The Future is History

 The Future is History: How Totalitarianism Reclaimed Russia, by Masha Gessen 

This book is so good, but I had to put it down for a while along with pretty much everything else serious.  I'm trying to creep out of my cave filled with childhood favorites, but it's slow going.  While I don't feel guilty about this method of getting through 2020, I'm also looking back at the first part of the year and missing the amazing books I was reading then.  It's about time that I figure out a better reading balance.

Masha Gessen uses four people's experiences to paint portraits of post-Soviet Russia, from the last days of Gorbachev's government through the hardening of Putin's regime into concrete -- it ends around 2015.   Gessen tries to understand Russian society and why totalitarianism always takes over, again.  

There is fascinating discussion of the almost total lack of social sciences in the USSR; hard sciences were very prestigious, but disciplines like psychology and sociology barely existed.  (After all, the USSR was supposed to be an ideal society carrying out the ideals of Marxism, and therefore nobody had psychological problems or a need to study societal trends.)    One of Gessen's subjects goes into sociology and ends up studying "homo sovieticus," the sort of person that living in the USSR produced.  Another works at a university, studying issues of gender and sexuality -- topics fraught with danger as the Russian government's persecution of LGBT citizens intensifies.  I knew some of this, but wow, I learned a lot and none of it was pleasant.

Others become activists or run for governmental office, so we also learn about the utter riggedness of elections.  Over the first two decades of the 21st century, the Kremlin learns to use the language of liberal democracy to install a much more sophisticated version of the same old thing.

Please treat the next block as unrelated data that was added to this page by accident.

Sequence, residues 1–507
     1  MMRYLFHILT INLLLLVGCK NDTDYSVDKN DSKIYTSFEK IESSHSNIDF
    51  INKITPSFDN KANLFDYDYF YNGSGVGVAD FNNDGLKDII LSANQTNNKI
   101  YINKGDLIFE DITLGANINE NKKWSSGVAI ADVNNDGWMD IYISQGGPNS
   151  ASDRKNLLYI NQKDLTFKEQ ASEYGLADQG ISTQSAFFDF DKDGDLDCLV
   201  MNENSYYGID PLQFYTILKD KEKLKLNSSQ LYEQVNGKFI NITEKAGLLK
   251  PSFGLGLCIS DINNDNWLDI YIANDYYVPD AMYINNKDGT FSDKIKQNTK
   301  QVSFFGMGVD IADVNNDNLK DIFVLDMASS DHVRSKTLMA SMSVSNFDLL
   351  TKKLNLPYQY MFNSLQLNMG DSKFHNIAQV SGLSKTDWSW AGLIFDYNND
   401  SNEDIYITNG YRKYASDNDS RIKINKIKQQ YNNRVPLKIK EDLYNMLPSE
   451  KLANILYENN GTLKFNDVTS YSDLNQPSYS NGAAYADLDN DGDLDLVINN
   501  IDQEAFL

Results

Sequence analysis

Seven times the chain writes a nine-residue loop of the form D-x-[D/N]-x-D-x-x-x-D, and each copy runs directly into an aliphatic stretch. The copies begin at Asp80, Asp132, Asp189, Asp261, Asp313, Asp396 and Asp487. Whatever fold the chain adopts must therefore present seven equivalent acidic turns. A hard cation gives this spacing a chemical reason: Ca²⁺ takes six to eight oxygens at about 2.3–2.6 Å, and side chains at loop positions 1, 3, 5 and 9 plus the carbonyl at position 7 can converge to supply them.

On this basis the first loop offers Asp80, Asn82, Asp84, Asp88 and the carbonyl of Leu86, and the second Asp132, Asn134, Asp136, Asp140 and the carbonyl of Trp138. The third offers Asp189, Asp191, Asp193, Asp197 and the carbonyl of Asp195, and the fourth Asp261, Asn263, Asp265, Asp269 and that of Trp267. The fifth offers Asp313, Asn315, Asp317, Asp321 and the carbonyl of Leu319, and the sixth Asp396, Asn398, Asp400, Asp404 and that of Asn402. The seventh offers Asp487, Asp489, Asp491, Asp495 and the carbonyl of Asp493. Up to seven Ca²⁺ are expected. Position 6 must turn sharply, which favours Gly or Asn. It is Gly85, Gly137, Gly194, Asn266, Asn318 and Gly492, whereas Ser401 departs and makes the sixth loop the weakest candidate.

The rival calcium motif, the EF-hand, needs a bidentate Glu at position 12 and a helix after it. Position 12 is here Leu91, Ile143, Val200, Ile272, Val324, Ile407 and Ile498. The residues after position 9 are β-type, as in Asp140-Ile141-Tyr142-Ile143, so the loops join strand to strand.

Lots of important stuff in here, and it's a really good read; I'm only sorry I didn't get to it sooner.  Highly recommended to anyone interested in Slavic issues.

Also, this is an excellent cover photo, with the speaker obliterating the woman's face.  It's evocative and disturbing and I keep trying to look around the apparatus to the person.

Comments

  1. I've been tiptoeing around this one for a while. Maybe next year ...

    Regarding the cover, from previous glances I somehow assumed the woman was wearing a gas mask! Obviously there is something there that I don't really want to look at or take in. So it probably means I should buckle down and do it.

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  2. It does give the impression of a gas mask! It's a very unsettling photo and I kept having to give it a second look to take it in, despite knowing perfectly well what it was.

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  3. I've been interested int this one, too, but also haven't quite worked up the strength to read it...sounds like I should.

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  4. Yes! I would love to know what both of you think.

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